POI & Premature Menopause - A Year In One Young Woman's Life!



As part of our World Menopause Day campaign in 2018, Annabel shared her story of being diagnosed with Premature Ovarian Insufficiency and premature menopause, aged 15. Since then, it’s been a roller-coaster year for her. She tells us about the experience of going public with such a personal story and why she has no regrets!


On World Menopause Day last year, Positive Pause (known at the time as Hot Flush) gave me the opportunity to share my story. For 9 years my diagnosis of Premature Ovarian Insufficiency had been kept a secret. Very few close friends and family (including one very random first date) knew I was infertile, but the rest of the world had no idea. I felt a sense of guilt, as if I had lied to all the people I had met and not told. All the inappropriate conversations replayed in my head; would they even remember what they innocently said that I was insulted by? Of course not, they couldn’t have had any idea about my diagnosis or what POI even was for that matter. Previous employers were shocked to find out my hidden disease and had wanted to celebrate other colleagues’ pregnancies. Even close family members were unaware, a decision made by my mother to protect her daughter during the initial years. 


Scared, knowing how social media can be unnecessarily harsh with ‘friends’ on Facebook judging, I became anxious, which is not like me at all, people would think I was just being an attention seeker, with no good reason why I wanted to write an article about a diagnosis I was given at 15 years old. My immediate family seemed concerned and raised questions as to why I wanted to share such a private matter with basically everyone I knew. 

The answer was simple; I wanted to share my story to inspire. Trying not to sound too cliché, I wanted to encourage people to be brave, share who they are and what is important to them. Having spent nearly 10 years try to accept my diagnosis of infertility, it was time to raise awareness of an invisible disease and the battles many young women have to experience alone. 

Day 2 - Premature Ovarian failure.png

The response I had was completely overwhelming, there is no other word to describe the support I felt the weeks after my first article was published. An unbelievable number of comments, messages, emails and phone calls from my own network and well beyond gave me a sense of pride.

‘I am now 22 years old and diagnosed with Premature Ovarian Failure. I’ve never told anyone because when I say it out loud it’s too real so I’ve kept it inside me for a very long time, now saying it out loud it still hurts but reading about you gives me hope, like I have someone to talk to. So, thank you for writing this and showing me that I’m not the only one’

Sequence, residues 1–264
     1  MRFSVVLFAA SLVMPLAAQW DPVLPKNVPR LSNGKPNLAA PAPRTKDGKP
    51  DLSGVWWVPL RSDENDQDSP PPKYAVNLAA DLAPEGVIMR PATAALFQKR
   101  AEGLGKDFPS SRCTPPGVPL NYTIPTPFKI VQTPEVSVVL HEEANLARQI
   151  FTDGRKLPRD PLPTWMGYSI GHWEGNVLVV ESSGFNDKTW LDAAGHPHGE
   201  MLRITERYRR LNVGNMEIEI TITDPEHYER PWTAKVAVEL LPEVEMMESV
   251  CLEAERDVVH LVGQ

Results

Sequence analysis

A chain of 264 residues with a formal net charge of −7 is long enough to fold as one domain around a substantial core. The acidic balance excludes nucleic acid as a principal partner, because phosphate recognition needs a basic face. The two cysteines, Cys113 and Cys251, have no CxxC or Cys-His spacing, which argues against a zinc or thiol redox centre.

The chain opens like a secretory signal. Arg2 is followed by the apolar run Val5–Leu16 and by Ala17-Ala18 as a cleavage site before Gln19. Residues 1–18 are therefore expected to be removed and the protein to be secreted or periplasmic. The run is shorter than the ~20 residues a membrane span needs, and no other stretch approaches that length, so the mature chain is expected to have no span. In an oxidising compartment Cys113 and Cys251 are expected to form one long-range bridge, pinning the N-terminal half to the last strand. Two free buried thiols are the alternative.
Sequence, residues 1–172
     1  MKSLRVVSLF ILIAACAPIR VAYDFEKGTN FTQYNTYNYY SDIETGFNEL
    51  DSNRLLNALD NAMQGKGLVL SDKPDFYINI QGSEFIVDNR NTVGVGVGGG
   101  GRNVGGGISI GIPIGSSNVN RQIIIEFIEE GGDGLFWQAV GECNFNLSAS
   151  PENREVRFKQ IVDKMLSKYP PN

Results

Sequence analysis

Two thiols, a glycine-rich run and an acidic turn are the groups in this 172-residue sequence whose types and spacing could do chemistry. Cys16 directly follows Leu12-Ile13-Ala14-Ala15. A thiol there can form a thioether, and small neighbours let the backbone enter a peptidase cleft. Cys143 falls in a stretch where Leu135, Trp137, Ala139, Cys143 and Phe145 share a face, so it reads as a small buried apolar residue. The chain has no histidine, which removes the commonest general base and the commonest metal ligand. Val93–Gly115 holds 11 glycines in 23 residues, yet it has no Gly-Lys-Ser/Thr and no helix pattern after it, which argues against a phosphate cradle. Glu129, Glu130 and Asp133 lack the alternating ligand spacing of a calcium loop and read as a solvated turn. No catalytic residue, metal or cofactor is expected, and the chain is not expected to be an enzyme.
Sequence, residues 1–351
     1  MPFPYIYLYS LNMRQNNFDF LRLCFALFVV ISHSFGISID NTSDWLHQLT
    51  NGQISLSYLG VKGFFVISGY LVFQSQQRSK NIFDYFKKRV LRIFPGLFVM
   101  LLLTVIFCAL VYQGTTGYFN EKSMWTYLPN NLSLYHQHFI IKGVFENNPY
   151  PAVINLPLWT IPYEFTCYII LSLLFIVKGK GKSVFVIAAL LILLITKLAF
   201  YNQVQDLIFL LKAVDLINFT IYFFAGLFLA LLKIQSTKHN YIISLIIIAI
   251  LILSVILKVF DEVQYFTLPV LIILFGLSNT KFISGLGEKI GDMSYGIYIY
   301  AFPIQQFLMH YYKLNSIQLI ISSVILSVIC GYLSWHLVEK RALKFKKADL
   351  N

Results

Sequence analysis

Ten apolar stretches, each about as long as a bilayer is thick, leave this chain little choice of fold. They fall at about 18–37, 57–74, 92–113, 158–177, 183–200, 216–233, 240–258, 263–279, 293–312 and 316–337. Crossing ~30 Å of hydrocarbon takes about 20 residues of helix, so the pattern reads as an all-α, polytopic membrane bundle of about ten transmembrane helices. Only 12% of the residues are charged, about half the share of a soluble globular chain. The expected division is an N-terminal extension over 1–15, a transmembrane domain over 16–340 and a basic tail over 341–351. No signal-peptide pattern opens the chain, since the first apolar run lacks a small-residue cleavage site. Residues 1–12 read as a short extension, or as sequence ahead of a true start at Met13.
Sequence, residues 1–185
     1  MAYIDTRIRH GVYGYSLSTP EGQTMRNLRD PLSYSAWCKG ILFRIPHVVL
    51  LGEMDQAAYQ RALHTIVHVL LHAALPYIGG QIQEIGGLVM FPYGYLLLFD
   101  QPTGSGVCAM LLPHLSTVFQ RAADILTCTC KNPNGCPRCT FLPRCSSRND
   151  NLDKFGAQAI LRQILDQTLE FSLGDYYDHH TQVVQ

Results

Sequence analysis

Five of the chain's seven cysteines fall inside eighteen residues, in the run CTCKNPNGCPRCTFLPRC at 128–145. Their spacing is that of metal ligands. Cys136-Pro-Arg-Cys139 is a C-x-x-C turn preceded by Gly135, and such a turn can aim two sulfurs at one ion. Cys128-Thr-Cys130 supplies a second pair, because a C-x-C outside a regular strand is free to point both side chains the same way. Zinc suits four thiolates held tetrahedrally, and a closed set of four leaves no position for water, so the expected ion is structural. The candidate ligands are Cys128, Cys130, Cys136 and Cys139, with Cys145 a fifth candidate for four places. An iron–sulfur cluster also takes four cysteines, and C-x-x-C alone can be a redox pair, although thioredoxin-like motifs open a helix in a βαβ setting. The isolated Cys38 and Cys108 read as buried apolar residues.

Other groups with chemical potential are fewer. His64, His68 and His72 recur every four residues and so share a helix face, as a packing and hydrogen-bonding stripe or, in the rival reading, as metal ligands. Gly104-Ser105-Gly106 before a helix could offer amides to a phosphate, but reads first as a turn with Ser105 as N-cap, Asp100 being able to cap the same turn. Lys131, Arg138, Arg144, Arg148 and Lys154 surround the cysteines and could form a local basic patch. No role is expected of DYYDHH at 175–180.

When I read this comment from a now friend in New York all the worry that maybe it wasn’t necessary or the right time to share my story disappeared. When I wrote my article, I told myself if I managed to make even one woman feel less alone it was absolutely worth it. It really does show the power of social media. 

Annabel at our Feelgood Fair May 2019, talking about how charities support women - with Eve Appeal, Coppafeel & Diabetes UK

Annabel at our Feelgood Fair May 2019, talking about how charities support women - with Eve Appeal, Coppafeel & Diabetes UK

The last 12 months have been eye-opening. Shortly after my initial article I was asked to write for both Glamour Magazine and the BBC. I was interviewed for Radio One Newsbeat, which was an odd but exciting experience. Months followed and I was contacted to be filmed for a segment on BBC Breakfast following a 15-year-old teenager who has just been diagnosed with POI, spookily her name was Annabel (spelt Annabelle) too. In May I gave a presentation at Megs Menopause which led to a standing ovation after I unexpectedly broke down on stage, a humbling experience to feel such support from women that could to some extent relate to my menopause and the symptoms I experienced as a teenager. Speaking on behalf of the Daisy Network at Positive Pause’s Feelgood Fair again, I felt like I was informing and enlightening the audience about an invisible and devastating diagnosis.

365 days after my first article was published, I am writing again for Positive Pause, the place where it all began. As a filmmaker I want to push myself and my creativity ultimately generating as much awareness as possible. I want to provide a network for the brave women who have experienced infertility so young so that they can finally have a voice and finally, I want to continue educating society especially young people about Premature Ovarian Insufficiency through platforms like the wonderful Positive Pause. Watch this space! 

Annabel May Oakley-Watson ©


Read Annabel’s original story from 2018


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